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ANYA KOZLOVA AND THE DRAGON (UMG fantasy) -- will return crits!

middle grade MG fantasy pitch madness

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#1 SRPasternack

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Posted 21 February 2017 - 12:22 AM

Anya was not a good goatherd.

 

For the third time, she pulled Zvezda back to the barn by his horns. The stupid goat had broken his leg four days prior, and her grandfather wanted him to remain in the barn and rest for at least a week. But the goat had chewed off his cast and, apparently bored with the comfort of the barn, followed Anya out to the onion fields and climbed on the handcart she was loading onions into.

 

She slammed the barn doors shut, remaining to hold them closed as the goat thumped against them inside.

 

“Stay there!” Anya shouted.

 

Zvezda bleated.

 

Anya scowled. Her father would have used his magic to make the goat listen. But Papa was gone, fighting in Tartary, so Anya had to take his place with the goats. She didn’t have any magic, though, and they would scatter in every direction. Rounding them up took hours, so Anya was relieved of herding responsibilities. Dyedushka took them grazing instead, even though her grandfather had lost both his legs at the knee in a past war.

 

“If I catch you out of the barn again, I’ll break your other leg!” She wouldn’t really. Zvezda was her goat, and even though he was annoying, she still liked him. She had named him for the star-shaped black smudge on his white face, even though he was a boy and “Zvezda” was a girl’s name. He was a goat. He didn’t know he had a girl’s name.


My Pitch--My Query--My Synopsis--My 250

 

"There are three rules for writing a novel. Unfortunately, no one knows what they are." W. Somerset Maugham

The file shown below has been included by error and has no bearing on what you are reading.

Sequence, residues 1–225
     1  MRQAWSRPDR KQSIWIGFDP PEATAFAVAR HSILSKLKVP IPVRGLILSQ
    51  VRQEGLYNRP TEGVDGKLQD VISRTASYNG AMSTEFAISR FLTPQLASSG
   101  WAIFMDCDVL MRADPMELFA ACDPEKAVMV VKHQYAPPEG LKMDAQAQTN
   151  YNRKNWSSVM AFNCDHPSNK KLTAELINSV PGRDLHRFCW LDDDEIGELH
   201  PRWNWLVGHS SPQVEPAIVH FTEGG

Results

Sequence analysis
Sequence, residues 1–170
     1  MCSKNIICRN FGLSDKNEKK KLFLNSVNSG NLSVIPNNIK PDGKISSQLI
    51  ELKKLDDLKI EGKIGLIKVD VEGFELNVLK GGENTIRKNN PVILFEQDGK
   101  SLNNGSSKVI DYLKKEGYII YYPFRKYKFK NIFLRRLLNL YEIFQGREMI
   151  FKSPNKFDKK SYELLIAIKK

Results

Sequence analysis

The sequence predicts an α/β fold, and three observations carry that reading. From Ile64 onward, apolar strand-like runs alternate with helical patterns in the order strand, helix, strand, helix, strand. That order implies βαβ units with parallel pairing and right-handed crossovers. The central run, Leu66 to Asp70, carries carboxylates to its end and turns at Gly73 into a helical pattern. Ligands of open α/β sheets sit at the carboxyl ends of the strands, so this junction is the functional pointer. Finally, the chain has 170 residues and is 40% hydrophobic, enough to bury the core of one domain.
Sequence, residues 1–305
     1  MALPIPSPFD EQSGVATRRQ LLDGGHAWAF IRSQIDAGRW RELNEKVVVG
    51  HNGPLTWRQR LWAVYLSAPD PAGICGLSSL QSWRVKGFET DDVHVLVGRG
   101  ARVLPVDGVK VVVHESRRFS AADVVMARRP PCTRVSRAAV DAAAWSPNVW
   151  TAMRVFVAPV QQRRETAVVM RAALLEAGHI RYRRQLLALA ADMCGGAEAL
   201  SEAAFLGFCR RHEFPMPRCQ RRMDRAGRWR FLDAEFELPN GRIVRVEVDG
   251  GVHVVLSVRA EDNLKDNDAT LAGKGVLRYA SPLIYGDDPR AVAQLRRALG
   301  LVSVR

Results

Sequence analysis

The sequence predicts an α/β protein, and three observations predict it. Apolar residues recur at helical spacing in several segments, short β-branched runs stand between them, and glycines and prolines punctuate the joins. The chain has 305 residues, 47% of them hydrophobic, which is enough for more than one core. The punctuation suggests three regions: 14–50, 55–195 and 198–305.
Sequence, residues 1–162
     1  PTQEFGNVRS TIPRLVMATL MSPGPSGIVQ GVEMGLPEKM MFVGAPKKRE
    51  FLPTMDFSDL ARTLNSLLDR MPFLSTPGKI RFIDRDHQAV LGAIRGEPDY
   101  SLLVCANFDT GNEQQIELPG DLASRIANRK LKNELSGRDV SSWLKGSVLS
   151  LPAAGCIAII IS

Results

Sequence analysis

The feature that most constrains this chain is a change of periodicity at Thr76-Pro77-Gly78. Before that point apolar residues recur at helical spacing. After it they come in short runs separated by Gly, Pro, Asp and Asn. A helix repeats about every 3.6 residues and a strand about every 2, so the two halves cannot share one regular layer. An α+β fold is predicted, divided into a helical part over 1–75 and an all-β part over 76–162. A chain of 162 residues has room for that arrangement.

#2 Nonicks

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Posted 21 February 2017 - 05:26 AM

I love it!!! But I'm not sure if it's because I speak Russian and actually know what each name means, or because of the writing. It made me feel like I'm listening to a Russian fairy tale



#3 SRPasternack

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Posted 21 February 2017 - 11:53 AM

Thanks!! I struggled a lot with keeping the Russian manageable for English-speakers, but still maintaining a Russian feel to the whole story. Glad it worked (for the first 250 words, anyway)!!


My Pitch--My Query--My Synopsis--My 250

 

"There are three rules for writing a novel. Unfortunately, no one knows what they are." W. Somerset Maugham


#4 DV77

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Posted 22 February 2017 - 06:14 PM

Anya was not a good goatherd. Nice.

 

For the third time, she pulled Zvezda back to the barn by his horns. The stupid goat had broken his leg four days prior, and her grandfather wanted him to remain in the barn and rest for at least a week. This line reads a little like a straight summary and just background info. What about something like... 'Stupid goat. If it didn't want to stay in the barn it shouldn't have gone and broken it's leg four days ago.' If you get what I mean. I just saw an opportunity there to put some more personality into it. But the goat had chewed off his cast and, apparently bored with the comfort of the barn, followed Anya out to the onion fields and climbed on the handcart she was loading onions into.

 

She slammed the barn doors shut, remaining to hold I'd try a more powerful verb to make it more alive, ie 'she struggled with all her strength to hold them closed as the goat etc' them closed as the goat thumped against them inside.

 

“Stay there!” Anya shouted.

 

Zvezda bleated.

 

Anya scowled. Her father would have used his magic to make the goat listen. But Papa was gone, fighting in Tartary, so Anya had to take his place with the goats. She didn’t have any magic, though, and they would scatter in every direction. Rounding them up took hours, so Anya was relieved of herding responsibilities. Dyedushka took them grazing instead, even though her grandfather had lost both his legs at the knee in a past war. For me anyway this is too much background info in one go. You've already explained about her dad which was okay but with grandfather's story in the same paragraph it feels a little exposition-ish.

 

“If I catch you out of the barn again, I’ll break your other leg!” She wouldn’t really. Zvezda was her goat, and even though he was annoying, she still liked him. She had named him for the star-shaped black smudge on his white face, even though he was a boy and “Zvezda” was a girl’s name. He was a goat. He didn’t know he had a girl’s name.

 

I think it's a pretty cool opening. We get to see into her daily life and see a bit about her personality. I just think there are a couple of parts in there which could be spiced up some more and maybe the part with the grandpa is too much exposition. We don't need to know the full backstory in the first page.







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